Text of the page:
RTP streams, NTP, etc..). In the PLC-HS network, for privacy and security requirements, in compliance with the HomePlug Standard, all devices composing the same backbone network need to have the same private network key. Traffic encryption is achieved through a symmetrical encryption scheme, based on a 56 bit key. Any other device sharing the medium is not able to communicate with the PLC-HS network.

The PLC-LS network allows a pervasive integration for systems supporting diagnostic data exchanges. Devices connected on the bus of the PLC-LS network have full knowledge of the other devices and can send their operating status and data related to any appliance they are monitoring, using the most appropriated data transfer between:

  • Unreliable unacknowledged unicast, multicast and broadcast transfers for low level delivery reliability.
  • Reliable or unacknowledged-repeated unicast and multicast transfers for medium or high level delivery reliability.
  • Request-response transfers for high level delivery reliability.

In the PLC-LS network, for privacy and security requirements, a sender authentication service is implemented as a Layer 4 service.

5 Test on PLC- HS Setup

To properly validate the PLC-HS solution, we prepared an ad-hoc test plant implementing a bus. 14 PLC-HS hosts were connected through a RG213 coaxial cable, each node distant from the adjacent ones 30 meters. This situation represents a good approximation of the real installation over ETR500 trains. Each node consisted of a single board computer equipped with LX800 AMD Geode processor and 256 MB DDR RAM, running Windows XP Embedded. Figure 5 shows the topology of the simulation network.

PLC-HS_TestNetwork-5

Figure 5 - PLC-HS Test Network Plant

We used Ixchariot by Ixia [6], as a test tool, by installing 13 endpoints and a control station acting even as an endpoint. Ixchariot is a powerful performance tool capable of generating real world TCP/UDP traffics, using the TCP/IP stacks of the host operating system and calculating important network characteristics such as throughput and latency. Tests consisted in running customized scripts on each endpoint, realizing a simulation of TCP data exchange between couples of non-adjacent nodes, that is nodes positioned in opposite points of the bus.

Tests has been conducted generating 7 simultaneous streams of data between different couples of nodes at increasing data rates to force bus congestion and access media contention. The following figures (Figure 6, 7 and 8) show the result of a simulation executing a 500kB file transfer, forcing a 2 Mbps maximum throughput for each couple of nodes

PLC-HS-14-node-network
Figure 6: PLC-HS 14 node network throughput results

PLC-HC-CouplesThroughput
Figure 7: Graphical representation of registered throughput between PLC-HS couples

Results are interesting: we can provide the full coverage of a train, supporting both continuous data traffic and burst traffic, thanks to a global 14 Mbps throughput on the bus. In case of a single couple of nodes traffic, the entire throughput of 14 Mbps is available also at the maximum distance (first node to last node).
Even in the worst case, the obtained throughput is suitable for deploying many useful applications for on-board passenger information system.

Obtained-Data
Figure 8: Obtained data for throughput calculations

6 Experimental Results

The previous proposed PLC-LS and PLC-HS network can be implemented on both ETR500 and commuter trains. The main devices involved in this architecture (Figure 9) are:

  • OBoE: the system able to communicate with the ground system with GSM/GPRS technology (optional Wi-Fi) and locate the train position with a GPS module. The equipment is directly interfaced to the train audio network to provide audio information and can send commands and read statuses of devices placed on the PLC-LS and PLCHS train network.
  • DOC3N: the so called “ Coach Communication Box” interfaced with at least one PLCHS module and one PLC-LS module towards the train backbone. This device must communicate with other devices placed on the same coach with standard interface modules (Ethernet, serial, USB, CAN).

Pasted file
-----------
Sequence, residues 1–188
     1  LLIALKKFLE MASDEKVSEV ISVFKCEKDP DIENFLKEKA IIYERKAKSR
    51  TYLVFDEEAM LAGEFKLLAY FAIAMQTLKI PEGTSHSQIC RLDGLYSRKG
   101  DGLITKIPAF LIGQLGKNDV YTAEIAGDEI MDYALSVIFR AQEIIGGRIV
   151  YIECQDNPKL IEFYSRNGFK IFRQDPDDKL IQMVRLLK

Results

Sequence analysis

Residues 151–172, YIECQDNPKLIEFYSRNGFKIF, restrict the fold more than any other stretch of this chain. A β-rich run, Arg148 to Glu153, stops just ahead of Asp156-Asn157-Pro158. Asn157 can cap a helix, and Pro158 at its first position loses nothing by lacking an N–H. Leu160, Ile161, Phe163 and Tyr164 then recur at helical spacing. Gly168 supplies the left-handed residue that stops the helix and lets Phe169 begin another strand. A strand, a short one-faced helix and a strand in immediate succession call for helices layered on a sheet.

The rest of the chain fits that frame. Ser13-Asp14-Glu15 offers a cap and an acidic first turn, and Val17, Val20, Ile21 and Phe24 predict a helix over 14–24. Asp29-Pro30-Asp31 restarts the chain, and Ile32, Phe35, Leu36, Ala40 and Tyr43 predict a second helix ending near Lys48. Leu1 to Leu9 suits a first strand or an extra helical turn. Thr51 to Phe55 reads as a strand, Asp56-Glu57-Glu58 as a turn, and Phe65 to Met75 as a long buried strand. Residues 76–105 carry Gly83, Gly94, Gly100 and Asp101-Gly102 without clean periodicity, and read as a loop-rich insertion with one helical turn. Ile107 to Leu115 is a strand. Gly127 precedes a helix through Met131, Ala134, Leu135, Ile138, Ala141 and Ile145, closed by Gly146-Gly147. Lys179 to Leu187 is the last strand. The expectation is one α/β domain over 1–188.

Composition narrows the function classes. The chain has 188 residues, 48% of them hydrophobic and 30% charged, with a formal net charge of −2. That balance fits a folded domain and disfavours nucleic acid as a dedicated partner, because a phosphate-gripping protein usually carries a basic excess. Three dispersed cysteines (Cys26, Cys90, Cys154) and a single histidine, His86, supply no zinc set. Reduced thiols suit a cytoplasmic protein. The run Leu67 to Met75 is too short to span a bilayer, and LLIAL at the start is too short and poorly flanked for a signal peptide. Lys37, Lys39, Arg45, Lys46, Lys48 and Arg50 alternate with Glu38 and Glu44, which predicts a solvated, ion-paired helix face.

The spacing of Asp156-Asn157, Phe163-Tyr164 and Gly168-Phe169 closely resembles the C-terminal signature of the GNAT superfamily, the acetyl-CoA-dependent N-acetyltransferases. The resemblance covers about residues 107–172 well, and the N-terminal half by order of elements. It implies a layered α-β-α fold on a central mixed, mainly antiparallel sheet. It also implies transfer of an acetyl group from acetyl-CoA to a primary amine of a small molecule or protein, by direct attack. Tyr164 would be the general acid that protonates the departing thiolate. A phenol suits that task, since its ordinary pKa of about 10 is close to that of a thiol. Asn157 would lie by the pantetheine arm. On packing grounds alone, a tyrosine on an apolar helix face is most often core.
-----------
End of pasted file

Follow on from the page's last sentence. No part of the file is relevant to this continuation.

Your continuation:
• DOVE6: the LCD display able to provide journey information to passengers: train position, arriving times and train connections at the next stop. These data are exchanged between OBoE and DOVE6 thanks to the train backbone.
  • External displays and other PIS devices: generic equipment can receive commands and send the status with the local DOC3N device and exchange information with the ground system through OBoE and DOC3N train network.

DOC3N-DOVE6
Figure 9: DOC3N, DOVE6 and OBoE train setup

The availability of a double coaxial RG213 cable allows a more complex and robust implementation of the two proposed networks, providing complete redundancy. Redundancy is achieved by connecting two transceivers to each host belonging to a network. In case of accidental interruption or extreme noise on one of the two RG213 cables, PLC-HS and PLC-LS networks are guaranteed of correct working, by automatically detecting the failure and changing the communication medium. Moreover, the use of the double RG213 coaxial cable as redundant physical layer allows an optimized access to the bus, maximizing the available bandwidth. In fact, an automated mechanism can be implemented on OBoE, acting as DHCP server, to distribute IP addresses belonging to two different IP scopes, one for each channel, splitting traffic between the two different media. On the other hand, DOC3N devices, during the boot process, run a DHCP client on a randomly chosen Ethernet interface (i.e. the coax channel) between the two supplied. If an IP address is assigned within a given timeout, DOC3N starts working on one channel, otherwise a new attempt is performed on the other interface, deactivating the former one. The information displayed during the test campaign on Italian commuter train is shown in Figure 10.

DOVE6-LCD
Figure 10: DOVE6 LCD display on a commuter Italian train.

Conclusion

A flexible, cost-effective and unified approach to PIS devices is proposed in this paper with the usage of already installed cable (13-18 poles UIC cable or coax cable). A full solution of audio and video contents should be provided to Italian passengers for a more comfortable journey increasing the customer satisfaction.

References

[1] UIC 558 - Fiche No. 558 “Ligne de télécommande et d’information”
[2] UIC 568 - Fiche No. 568 “Sonorisation et téléphone des voitures RIC”
[3] IEC 61375-1 “Train Communication Network”
[4] LonTalk Protocol Specification, 1994
[5] HomePlug Alliance. HomePlug 1.0 Specification, 2001
[6] Ixia: www.ixiacom.com